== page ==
It's been a week of using the Pixel 4 and perhaps the best part of the experience has been an absence — an absence of bugs. This is the cleanest and most full-formed Pixel released to date. No disappearing photos, no dropped frames, no flushing music apps from memory mid-song. From a performance perspective, everyone just works.
You may be able to thank the additional 2GB of RAM onboard — 6GB total — and the extra months Google put into getting Android 10 right before it launched on the Pixel 3 series. You can likely also point to the Snapdragon 855, which is Qualcomm's best and most efficient chip in years.
The Pixel 4 is the right size: it's a little taller than the Pixel 3, and slightly thicker and heavier, but they give it a solidity that doesn't make me miss the two-toned finish of previous versions. The matte sides are delightful and were it not for the glossy back of the black model I received for review, I'd probably use it without a case. Can't say that about many of the all-glass phones I use these days.
Google's improved the display on the Pixel 4, too. While the Pixel 3 cleaned up its predecessor's mess, especially on the larger model, the OLED panel on the Pixel 4 is just sublime. Bright enough to use in daylight, color-accurate with a white balance that doesn't hew too blue for once, and incredible touch response, this is easily the best panel I've seen on a Google phone. But it's all about the 90Hz — or Smooth Display, as Google calls it.
Admittedly, the 90Hz display tech is a bit of a bait-and-switch, but when it's on it's fantastic. While Google doesn't explicitly say what apps or types of content trigger the smoother-motion display, it's definitely on the more conservative side compared to the OnePlus 7 Pro, 7T, and other high refresh-rate phones. There is an option to force the higher refresh rate at all times, but... you won't want to do that, at least not on this phone.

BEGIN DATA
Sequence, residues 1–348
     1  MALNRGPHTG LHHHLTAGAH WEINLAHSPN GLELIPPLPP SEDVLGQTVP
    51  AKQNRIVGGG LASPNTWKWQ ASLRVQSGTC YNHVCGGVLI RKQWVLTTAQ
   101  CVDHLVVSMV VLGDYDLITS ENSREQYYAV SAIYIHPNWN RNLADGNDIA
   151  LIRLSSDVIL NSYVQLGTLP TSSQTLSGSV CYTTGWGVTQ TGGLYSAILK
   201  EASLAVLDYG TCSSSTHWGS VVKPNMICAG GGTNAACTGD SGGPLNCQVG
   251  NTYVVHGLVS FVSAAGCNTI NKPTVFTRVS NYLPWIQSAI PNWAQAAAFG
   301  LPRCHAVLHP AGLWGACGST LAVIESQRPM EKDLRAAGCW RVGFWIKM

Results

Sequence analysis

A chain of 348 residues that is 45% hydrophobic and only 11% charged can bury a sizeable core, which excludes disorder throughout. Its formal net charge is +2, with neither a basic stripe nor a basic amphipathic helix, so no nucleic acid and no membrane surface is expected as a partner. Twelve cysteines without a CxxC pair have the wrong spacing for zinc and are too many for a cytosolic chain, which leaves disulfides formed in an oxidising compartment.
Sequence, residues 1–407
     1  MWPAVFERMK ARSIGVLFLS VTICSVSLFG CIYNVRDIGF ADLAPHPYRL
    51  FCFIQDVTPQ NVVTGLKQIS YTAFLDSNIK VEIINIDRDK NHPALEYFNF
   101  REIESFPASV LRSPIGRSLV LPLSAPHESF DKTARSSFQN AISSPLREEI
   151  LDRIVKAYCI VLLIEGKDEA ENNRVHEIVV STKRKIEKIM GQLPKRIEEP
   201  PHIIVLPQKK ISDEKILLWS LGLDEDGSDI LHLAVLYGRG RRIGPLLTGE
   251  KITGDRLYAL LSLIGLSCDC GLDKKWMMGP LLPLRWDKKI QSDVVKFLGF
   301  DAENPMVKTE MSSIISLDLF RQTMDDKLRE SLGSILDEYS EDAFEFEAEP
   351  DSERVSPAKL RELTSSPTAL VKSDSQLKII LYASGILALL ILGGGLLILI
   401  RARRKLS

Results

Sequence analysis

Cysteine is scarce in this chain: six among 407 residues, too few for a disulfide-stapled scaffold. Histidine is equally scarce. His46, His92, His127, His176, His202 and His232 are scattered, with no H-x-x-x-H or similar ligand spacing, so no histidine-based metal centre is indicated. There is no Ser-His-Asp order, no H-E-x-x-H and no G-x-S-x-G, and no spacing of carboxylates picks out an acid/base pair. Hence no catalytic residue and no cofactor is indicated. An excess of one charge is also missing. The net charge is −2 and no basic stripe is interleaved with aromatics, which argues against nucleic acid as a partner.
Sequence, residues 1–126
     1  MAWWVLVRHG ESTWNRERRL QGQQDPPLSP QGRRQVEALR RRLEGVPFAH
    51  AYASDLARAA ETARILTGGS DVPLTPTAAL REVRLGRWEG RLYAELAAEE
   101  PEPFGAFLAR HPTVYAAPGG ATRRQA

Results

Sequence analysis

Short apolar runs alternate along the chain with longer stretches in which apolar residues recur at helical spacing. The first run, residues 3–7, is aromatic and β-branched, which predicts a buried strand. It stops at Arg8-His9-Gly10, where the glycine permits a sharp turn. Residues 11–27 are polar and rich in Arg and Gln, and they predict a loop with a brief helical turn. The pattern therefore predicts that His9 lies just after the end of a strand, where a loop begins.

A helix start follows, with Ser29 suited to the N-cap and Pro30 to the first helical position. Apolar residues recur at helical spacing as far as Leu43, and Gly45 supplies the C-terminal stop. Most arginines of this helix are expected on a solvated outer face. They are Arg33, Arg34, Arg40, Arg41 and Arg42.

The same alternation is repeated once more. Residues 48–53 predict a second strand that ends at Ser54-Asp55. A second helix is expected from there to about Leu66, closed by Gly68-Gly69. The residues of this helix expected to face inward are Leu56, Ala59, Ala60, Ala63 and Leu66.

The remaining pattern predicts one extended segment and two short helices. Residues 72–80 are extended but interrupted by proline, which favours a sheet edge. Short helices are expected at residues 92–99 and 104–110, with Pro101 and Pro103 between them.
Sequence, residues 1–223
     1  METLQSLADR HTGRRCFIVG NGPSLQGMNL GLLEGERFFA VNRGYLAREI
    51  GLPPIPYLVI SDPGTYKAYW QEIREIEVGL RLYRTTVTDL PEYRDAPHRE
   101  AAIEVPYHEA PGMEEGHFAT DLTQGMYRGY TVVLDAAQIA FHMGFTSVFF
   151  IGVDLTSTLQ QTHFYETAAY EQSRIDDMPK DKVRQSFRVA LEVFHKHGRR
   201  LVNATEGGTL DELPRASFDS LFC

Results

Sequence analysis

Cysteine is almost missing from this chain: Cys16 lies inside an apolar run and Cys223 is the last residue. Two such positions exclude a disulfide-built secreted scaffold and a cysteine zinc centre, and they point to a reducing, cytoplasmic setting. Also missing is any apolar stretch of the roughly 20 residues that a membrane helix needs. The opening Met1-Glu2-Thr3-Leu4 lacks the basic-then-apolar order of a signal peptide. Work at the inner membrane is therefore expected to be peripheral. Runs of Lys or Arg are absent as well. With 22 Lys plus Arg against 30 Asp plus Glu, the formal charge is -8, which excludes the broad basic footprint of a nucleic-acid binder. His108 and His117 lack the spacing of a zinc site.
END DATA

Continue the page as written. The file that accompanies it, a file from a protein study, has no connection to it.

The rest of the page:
Google's also enabled Ambient EQ, a feature borrowed from the Nest Home series to detect the color temperature in the surroundings and adjust the screen accordingly. The effect is very subtle — this isn't the same as Night Light, which makes the screen much more yellow, but it is on the same spectrum. I noticed it most when using my phone indoors at night, when most of the lights were warm and sleepy. It's one of those Googly features you'll likely never notice but it adds just a little bit to the overall Pixel experience.
This is the Pixel with the fewest software bugs at launch, and coming from previous years that's a huge accomplishment.
I can't talk about face unlock without first acknowledging Google's success with Android 10. A lot of people, including me, doubted the company's ability to pull off yet another transition to gestures, but these ones will stand the test of time — especially when more apps move beyond the slide-in menus we're so familiar with. While Android 10 doesn't have a surfeit of in-your-face new features (except for dark mode and the aforementioned gestures), Google clearly cleaned up a lot of its codebase in the meantime.